Search / 1167 results found


Inviting friends and family to you home for Thanksgiving dinner should be a fun way to show you care, but between cooking for a dozen or more guests, staying on top of dishes, dealing with mountains of leftovers, and preparing your house for company to begin with, hosting Thanksgiving dinner can be stressful. These simple tricks can make the night a little easier.

If you consider yourself a garlic enthusiast, you probably insist on using it fresh, rather than chopped in a jar. That's kind of a low bar, honestly. Especially when there's one kind of garlic that's superior to all others, and your time is running out to get it.


Thanksgiving is just around the corner, and if you’re lucky enough to attend a feast at someone else’s house instead of your own, buying a small host or hostess gift is a great way to say, “Thank you for cooking, cleaning, washing an enormous mountain of dishes.” Here are 3 simple ideas that tell your hosts what you’re thankful for this year.

I have the most wonderful memories of Thanksgiving — large family gatherings in Central Montana either anchored around the dining room table of my mother’s Italian (Sciuchetti) side of the family in Lewistown, or seated with the Donaldson clan around my Grandma Eleanor’s sprawling farmhouse table in Denton. Either way, it was a cacophonous experience.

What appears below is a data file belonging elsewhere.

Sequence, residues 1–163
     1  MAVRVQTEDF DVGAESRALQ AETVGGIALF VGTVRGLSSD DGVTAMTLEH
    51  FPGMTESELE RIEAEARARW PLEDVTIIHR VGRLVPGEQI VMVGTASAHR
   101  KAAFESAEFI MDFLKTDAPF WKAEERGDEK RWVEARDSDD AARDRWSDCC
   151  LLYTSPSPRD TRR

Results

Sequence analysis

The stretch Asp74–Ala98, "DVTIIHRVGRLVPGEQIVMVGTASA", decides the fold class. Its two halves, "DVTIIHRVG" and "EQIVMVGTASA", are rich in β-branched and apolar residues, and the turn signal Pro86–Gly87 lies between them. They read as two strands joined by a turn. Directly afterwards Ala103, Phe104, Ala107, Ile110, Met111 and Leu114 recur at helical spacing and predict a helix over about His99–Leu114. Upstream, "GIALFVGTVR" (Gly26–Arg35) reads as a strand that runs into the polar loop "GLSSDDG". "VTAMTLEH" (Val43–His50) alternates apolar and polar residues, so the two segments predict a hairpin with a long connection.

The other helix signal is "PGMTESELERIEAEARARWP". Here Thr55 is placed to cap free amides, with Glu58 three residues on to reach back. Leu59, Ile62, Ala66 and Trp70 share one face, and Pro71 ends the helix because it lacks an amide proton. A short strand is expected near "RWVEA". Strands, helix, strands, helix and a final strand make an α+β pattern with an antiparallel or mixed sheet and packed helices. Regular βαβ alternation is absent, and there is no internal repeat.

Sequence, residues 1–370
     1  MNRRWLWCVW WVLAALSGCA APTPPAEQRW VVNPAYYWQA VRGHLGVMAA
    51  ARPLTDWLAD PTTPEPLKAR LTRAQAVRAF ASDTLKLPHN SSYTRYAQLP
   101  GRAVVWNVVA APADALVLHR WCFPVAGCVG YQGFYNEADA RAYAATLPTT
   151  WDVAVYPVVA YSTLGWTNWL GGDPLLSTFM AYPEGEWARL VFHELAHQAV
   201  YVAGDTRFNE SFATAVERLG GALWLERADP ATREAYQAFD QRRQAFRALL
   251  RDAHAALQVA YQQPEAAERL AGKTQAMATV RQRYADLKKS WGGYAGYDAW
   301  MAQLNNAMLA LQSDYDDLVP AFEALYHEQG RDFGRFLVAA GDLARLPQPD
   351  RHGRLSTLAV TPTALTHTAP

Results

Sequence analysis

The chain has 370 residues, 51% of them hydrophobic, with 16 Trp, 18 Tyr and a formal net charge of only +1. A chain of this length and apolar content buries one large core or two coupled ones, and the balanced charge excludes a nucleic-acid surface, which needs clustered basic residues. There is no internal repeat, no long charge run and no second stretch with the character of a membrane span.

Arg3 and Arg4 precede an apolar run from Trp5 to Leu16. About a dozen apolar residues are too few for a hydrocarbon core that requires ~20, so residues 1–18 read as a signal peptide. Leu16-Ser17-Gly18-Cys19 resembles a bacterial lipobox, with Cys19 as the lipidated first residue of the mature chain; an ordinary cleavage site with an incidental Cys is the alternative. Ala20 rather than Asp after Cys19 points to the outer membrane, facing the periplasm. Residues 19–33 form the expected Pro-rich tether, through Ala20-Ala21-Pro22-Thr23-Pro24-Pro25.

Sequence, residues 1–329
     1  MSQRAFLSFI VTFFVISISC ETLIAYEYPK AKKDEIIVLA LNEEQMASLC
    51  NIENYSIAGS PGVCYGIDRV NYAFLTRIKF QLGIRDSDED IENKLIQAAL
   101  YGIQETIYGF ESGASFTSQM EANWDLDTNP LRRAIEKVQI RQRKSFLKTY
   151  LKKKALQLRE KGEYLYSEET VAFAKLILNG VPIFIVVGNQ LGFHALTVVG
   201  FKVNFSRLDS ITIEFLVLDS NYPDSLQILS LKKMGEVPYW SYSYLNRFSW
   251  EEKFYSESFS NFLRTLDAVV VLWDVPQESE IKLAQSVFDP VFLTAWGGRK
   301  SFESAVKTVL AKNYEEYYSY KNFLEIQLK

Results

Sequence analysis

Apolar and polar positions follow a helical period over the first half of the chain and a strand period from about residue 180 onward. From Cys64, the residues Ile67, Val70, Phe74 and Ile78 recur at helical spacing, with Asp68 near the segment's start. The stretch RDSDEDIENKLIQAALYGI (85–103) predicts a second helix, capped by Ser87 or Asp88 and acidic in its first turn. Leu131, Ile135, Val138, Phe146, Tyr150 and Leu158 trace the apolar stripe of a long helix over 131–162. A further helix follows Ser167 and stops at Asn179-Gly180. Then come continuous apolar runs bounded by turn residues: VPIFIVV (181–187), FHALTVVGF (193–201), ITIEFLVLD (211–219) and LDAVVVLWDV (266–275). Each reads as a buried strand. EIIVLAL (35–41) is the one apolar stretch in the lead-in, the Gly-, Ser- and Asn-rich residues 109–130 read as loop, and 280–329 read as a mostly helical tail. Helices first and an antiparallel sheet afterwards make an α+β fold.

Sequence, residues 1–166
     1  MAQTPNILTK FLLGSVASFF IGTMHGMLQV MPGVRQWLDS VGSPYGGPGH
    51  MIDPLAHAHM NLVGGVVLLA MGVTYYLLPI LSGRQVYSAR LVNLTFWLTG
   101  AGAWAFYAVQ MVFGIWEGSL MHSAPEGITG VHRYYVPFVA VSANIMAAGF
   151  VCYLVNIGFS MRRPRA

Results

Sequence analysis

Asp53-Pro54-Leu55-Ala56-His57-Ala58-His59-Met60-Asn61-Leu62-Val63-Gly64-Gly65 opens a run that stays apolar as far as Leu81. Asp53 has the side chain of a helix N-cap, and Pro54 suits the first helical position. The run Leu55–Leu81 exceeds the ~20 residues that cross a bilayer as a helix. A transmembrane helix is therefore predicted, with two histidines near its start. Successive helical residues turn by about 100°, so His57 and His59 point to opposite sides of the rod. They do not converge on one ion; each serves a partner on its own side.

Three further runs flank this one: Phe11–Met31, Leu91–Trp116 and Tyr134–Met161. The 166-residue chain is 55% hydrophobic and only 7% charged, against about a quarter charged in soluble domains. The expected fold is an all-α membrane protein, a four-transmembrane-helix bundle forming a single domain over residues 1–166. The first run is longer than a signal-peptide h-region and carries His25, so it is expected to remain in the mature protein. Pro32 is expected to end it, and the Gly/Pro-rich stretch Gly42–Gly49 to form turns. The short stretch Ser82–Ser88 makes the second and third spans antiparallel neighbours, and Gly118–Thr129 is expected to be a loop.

We are encouraged to eat more plant-based foods, and even if going vegetarian may not be for you, how about trying one day a week to go meatless? When following the vegetarian lifestyle, it is important to include quality sources of protein in your diet. Beans, legumes, lentils, soy products, protein-rich grains, dairy and eggs are all good sources of protein. Try one of the following recipes and you will find you can enjoy going meat-free.